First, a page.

Pore network modelling of capillary transport and relative diffusivity in gas diffusion layers with patterned wettability

Thomas G. Tranter, P. Boillat, A. Mularczyk, V. Manzi-Orezzoli, P.R. Shearing, D.J.L. Brett, J. Eller, J.T. Gostick, A. Forner-Cuenca (Corresponding author)

Research output: Contribution to journalArticleAcademicpeer-review

19 Citations (Scopus)


Engineering the wettability and microstructure of gas diffusion layers offers a powerful strategy to optimize water management in polymer electrolyte fuel cells. To this goal, we recently developed a radiation grafting technique to synthesize GDLs with patterned wettability. Despite the promise of this approach, current designs are empirically-driven which hampers the development of advanced wettability patterns. To design materials with improved transport characteristics over a range of water saturations, physically representative models can be employed for the bottom-up design of gas diffusion layers with local variations in hydrophilicity. In this paper, pore network models using topology and size information extracted from high resolution tomographic images of three common gas diffusion layer materials are presented with patterned wettability. We study the influence of the substrate microstructure, the hydrophobic coating load, and the hydrophilic pattern width. It is shown that tuning the wettability leads to enhanced phase separation and increased diffusive transport which is attributed to decreased gas phase tortuosity. The network model elaborates on previous experimental studies, shedding light on the effectiveness of the radiation pattern transference and the importance of matching the masking pattern with the substrate microstructure. The work opens the door for exploration of advanced patterns, coupled with flow from gas flow field designs.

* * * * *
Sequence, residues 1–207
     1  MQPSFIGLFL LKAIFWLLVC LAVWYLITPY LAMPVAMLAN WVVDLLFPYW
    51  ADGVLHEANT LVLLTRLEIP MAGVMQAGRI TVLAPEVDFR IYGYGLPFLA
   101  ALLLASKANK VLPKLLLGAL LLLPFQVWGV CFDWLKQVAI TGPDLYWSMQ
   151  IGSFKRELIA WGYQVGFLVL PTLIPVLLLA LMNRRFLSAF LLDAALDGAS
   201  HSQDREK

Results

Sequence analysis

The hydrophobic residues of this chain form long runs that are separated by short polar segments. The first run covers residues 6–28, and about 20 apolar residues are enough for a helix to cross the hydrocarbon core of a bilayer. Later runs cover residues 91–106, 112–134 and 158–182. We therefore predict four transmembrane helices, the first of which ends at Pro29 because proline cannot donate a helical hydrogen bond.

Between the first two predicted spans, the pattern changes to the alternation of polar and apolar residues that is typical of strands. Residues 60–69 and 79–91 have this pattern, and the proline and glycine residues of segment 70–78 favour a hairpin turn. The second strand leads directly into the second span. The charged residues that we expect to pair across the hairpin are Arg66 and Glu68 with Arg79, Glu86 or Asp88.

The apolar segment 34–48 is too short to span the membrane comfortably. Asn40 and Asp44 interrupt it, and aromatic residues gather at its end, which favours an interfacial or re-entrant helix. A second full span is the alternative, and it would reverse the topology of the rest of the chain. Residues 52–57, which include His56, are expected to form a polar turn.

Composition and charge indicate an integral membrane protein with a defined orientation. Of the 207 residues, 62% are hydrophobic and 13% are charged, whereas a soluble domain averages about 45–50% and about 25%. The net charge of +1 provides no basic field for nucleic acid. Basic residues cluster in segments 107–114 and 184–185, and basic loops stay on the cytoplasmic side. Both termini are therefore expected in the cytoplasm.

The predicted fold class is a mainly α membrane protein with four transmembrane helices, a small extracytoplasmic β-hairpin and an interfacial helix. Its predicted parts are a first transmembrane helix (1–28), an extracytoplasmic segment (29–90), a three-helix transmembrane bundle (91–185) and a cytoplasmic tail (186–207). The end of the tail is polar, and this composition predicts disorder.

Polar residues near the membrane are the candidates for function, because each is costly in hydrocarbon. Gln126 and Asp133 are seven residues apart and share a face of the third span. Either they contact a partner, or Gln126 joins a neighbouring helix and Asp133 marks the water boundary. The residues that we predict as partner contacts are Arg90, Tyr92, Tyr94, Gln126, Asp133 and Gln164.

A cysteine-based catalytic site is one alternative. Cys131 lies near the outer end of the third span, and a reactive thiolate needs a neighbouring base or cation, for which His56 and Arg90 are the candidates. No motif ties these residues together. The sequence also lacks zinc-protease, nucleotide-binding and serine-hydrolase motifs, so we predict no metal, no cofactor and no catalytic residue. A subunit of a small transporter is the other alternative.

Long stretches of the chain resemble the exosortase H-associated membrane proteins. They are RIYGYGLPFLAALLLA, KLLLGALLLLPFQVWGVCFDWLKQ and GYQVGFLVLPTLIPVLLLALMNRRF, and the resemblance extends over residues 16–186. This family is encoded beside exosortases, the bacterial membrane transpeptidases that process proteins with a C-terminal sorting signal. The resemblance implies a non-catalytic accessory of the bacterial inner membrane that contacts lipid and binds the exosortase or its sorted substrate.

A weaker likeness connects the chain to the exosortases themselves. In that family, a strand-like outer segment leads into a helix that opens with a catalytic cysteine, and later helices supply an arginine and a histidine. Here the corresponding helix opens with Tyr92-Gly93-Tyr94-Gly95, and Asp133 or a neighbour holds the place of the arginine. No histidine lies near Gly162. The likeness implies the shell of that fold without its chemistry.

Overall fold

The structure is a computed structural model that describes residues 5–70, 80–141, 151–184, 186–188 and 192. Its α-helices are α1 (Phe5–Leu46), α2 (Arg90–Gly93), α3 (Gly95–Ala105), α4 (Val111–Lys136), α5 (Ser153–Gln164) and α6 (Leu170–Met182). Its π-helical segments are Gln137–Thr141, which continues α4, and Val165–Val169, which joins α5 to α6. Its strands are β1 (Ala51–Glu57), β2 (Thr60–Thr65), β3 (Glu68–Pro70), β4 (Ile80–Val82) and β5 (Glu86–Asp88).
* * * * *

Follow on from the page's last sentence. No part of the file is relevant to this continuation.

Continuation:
Original languageEnglish
Article number114512
Number of pages11
JournalJournal of the Electrochemical Society
Issue number11
Publication statusPublished - 27 Jul 2020


  • Coatings
  • Fuel Cells
  • PEM
  • Membranes and Separators
  • Surface functionalization
  • Theory and Modelling


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